A GROUP of fraudsters who conned vulnerable victims out of nearly £1 million whilst purporting to be fine-wine brokers have been jailed for a total of 17 years’ and nine months.
The men were sentenced at Southwark Crown Court on Friday, 5 April after being found guilty of conspiracy to defraud and money laundering, as follows:
Adam Edwards, 37 (03.09.81) of Clavering, Hertfordshire was sentenced to six years’ imprisonment, and a five-year Directors Disqualification Order.
Barry Warner, 38 (31.08.80) of Theydon Bois, Essex, was sentenced to five-and-a-half years’ imprisonment.
Tarik Drissi, 35 (29.01.84) of Harlow was sentenced to three years’ imprisonment.
Two co-conspirators also pleaded guilty to the same offences in June and December 2018 and were sentenced alongside their counterparts who stood trial.
Christopher Brummit, 36 (13.06.82) of Ugley, Bishop Stortford was sentenced in his absence to three years and three months’ imprisonment, plus a five-year Directors Disqualification Order.
Officers are appealing for assistance from the public to trace Brummit who was last seen in October 2018 in London. A warrant has been issued for his arrest in relation to this matter and he is further wanted by Essex Police for an unrelated robbery offence.
James Brooks, 34 (07.09.84) of Takeley, Bishop Stortford was sentenced to 20 months’ imprisonment – suspended for two years – and ordered to complete 300 hours of unpaid work
The court heard how between 2013 and 2015, more than 50 people became unwitting victims of the groups wide-scale fraud and money laundering scam.
The groups would cold-call elderly or vulnerable people, introduce themselves under fake names and claim they were brokers with expertise in fine wine.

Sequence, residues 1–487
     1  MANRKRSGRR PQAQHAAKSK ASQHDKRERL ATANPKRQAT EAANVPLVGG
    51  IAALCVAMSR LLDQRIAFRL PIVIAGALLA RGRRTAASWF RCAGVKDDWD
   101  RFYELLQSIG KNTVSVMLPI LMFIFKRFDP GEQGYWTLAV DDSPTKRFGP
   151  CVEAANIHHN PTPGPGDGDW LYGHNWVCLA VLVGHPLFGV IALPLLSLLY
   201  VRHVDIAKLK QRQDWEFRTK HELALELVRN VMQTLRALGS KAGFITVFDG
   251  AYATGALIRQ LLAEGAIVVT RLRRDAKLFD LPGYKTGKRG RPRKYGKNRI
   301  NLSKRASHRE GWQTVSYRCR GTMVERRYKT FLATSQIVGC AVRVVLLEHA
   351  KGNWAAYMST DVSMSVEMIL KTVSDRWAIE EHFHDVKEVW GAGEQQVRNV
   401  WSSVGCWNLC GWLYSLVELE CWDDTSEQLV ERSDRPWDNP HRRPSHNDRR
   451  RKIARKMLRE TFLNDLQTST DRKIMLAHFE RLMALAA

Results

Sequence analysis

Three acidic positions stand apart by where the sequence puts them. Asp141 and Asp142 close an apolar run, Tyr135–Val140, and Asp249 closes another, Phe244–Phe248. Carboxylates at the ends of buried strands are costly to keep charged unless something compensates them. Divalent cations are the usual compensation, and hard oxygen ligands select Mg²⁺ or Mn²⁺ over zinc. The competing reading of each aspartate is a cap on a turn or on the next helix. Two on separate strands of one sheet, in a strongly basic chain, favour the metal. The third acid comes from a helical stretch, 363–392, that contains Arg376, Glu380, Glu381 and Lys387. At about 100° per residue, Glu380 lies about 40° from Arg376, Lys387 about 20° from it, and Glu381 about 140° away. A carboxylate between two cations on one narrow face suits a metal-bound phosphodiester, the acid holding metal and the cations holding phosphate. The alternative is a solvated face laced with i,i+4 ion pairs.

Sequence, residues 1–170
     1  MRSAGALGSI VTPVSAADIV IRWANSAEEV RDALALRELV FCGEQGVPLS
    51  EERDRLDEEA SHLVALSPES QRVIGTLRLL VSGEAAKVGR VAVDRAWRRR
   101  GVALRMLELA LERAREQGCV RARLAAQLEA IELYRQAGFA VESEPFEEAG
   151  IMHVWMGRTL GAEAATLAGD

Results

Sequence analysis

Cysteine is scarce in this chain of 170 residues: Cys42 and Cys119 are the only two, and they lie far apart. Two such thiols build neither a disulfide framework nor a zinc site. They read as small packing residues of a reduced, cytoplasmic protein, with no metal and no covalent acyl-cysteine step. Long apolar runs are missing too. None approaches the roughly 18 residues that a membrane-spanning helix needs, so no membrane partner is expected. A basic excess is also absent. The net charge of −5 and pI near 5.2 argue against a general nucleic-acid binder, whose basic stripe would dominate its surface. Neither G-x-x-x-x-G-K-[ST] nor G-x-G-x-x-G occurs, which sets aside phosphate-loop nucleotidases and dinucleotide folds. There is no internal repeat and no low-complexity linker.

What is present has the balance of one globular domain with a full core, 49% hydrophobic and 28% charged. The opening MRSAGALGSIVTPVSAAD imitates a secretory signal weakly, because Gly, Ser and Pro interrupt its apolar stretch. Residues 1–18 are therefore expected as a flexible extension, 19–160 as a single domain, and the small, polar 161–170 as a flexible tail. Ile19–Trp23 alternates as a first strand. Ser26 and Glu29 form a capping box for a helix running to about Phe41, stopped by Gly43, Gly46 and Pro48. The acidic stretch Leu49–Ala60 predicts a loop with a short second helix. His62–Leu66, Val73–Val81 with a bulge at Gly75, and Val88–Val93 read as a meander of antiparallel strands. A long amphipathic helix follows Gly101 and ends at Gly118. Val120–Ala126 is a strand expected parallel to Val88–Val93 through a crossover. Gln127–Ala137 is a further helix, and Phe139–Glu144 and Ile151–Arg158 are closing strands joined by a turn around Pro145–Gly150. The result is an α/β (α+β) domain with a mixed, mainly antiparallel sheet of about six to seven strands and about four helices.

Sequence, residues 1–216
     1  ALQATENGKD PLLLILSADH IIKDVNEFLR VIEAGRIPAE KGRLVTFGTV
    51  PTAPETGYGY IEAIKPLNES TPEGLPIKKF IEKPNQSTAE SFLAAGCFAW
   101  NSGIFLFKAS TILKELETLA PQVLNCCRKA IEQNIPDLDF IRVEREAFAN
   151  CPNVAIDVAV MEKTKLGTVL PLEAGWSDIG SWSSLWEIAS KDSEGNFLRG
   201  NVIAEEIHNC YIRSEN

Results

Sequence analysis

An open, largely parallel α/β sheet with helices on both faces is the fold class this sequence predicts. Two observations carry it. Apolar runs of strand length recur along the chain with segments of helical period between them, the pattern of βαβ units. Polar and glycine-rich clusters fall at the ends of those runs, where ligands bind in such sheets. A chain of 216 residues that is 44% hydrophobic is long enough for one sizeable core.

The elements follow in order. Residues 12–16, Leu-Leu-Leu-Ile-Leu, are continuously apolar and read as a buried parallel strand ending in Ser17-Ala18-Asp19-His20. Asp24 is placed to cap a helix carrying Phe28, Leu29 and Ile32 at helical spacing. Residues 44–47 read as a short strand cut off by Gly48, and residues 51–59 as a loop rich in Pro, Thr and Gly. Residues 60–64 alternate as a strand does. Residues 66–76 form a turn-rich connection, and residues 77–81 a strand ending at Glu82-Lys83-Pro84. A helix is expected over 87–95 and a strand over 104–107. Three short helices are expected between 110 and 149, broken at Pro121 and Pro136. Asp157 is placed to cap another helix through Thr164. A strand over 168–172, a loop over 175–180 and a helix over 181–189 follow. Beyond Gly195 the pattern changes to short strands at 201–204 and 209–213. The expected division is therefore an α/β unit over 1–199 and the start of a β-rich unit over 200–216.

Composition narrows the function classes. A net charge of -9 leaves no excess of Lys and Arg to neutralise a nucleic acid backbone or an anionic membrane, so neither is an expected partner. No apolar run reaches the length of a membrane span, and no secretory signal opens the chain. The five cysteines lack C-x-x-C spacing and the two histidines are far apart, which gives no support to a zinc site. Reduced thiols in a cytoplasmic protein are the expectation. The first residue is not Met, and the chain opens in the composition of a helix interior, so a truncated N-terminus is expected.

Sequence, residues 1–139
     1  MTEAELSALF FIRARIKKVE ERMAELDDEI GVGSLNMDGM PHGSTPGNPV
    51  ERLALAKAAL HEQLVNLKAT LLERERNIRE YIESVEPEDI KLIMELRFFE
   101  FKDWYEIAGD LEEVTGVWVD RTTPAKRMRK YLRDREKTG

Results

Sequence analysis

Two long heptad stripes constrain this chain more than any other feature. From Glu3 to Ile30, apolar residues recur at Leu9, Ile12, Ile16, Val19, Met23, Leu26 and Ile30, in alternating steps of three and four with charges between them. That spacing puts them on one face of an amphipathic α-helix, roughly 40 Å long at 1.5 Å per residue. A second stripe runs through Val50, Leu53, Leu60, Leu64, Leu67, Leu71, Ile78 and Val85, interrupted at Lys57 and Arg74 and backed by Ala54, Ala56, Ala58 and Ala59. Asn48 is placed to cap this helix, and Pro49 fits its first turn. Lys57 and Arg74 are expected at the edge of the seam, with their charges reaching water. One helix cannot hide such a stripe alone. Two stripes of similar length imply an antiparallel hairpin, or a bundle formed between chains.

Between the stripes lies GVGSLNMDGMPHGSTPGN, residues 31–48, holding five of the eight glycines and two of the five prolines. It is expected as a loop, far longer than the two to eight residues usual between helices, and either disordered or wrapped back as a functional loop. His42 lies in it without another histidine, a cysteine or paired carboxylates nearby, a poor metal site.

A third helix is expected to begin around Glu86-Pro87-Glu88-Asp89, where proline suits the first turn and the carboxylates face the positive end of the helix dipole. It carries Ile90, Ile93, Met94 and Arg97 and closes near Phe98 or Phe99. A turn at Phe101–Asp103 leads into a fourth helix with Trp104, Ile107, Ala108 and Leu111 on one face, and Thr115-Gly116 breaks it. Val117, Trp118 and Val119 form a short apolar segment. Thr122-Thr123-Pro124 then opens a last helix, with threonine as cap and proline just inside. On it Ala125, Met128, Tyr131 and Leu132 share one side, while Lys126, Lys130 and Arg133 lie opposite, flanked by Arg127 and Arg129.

They operated from an industrial estate on the outskirts of Great Dunmow and claimed to work for three companies – Mayfair Worldwide Trading Ltd, Commodex Global Limited and Winchester Associates Ltd – based in prime locations such as Mayfair. These companies were found to be fake.
Once they would get hold of the victim, they would call them repeatedly and persuade them to sell their holding, or invest in fine wines, whilst stating they could sell them on their behalf for a profit. On some occasions the victims were told their wines would be exchanged for graphene or diamonds that did not exist.
The victims would transfer their wines hoping to receive their agreed payments within 28 days, however none of the victims ever received this promised money.
In August 2015, officers from the Met’s Organised Crime Command launched a joint investigation with Essex Police after numerous victims came forward and reported their suspicions to Action Fraud.
Forensic analysis and financial investigations linked the defendants to the offences.
On 15 November 2015, the police investigation culminated in a series of search warrants and all five defendants were arrested. A substantial amount of contacts containing victims details were found within the properties.
They were all charged with conspiracy to defraud and money laundering in January and February 2018.
During sentencing, the Judge commended the officers in the case, Detective Constable Tony Rundle, Detective Inspector Nicola Bourke and Detective Inspector Michael Pannell, for the quality of their joint police investigation into what was described as a “very complex, highly organised, calculated fraud”.
DC Tony Rundle, who led the investigation, said: “This group of fraudsters targeted vulnerable people across the United Kingdom, scamming them out of huge sums of money for their own financial gain.
“Our officers carried out a meticulous investigation and I am pleased the gang will now face justice for their calculated actions which ruined the lives of many victims.
“I would like to thank my colleagues for their hard work and dedication throughout this long running investigation.
“However, our investigation continues to trace Brummit who fled from police in October 2018. I would urge anyone who may know about his whereabouts to call police on 101. For an immediate sighting, please dial 999.”
Detective Sergeant Michael Pannell, from Essex Police, added: “These defendants were audacious and confident enough to think the use of fake names would prevent them from being caught. However, thanks to the thorough police investigation, they were proved wrong.”
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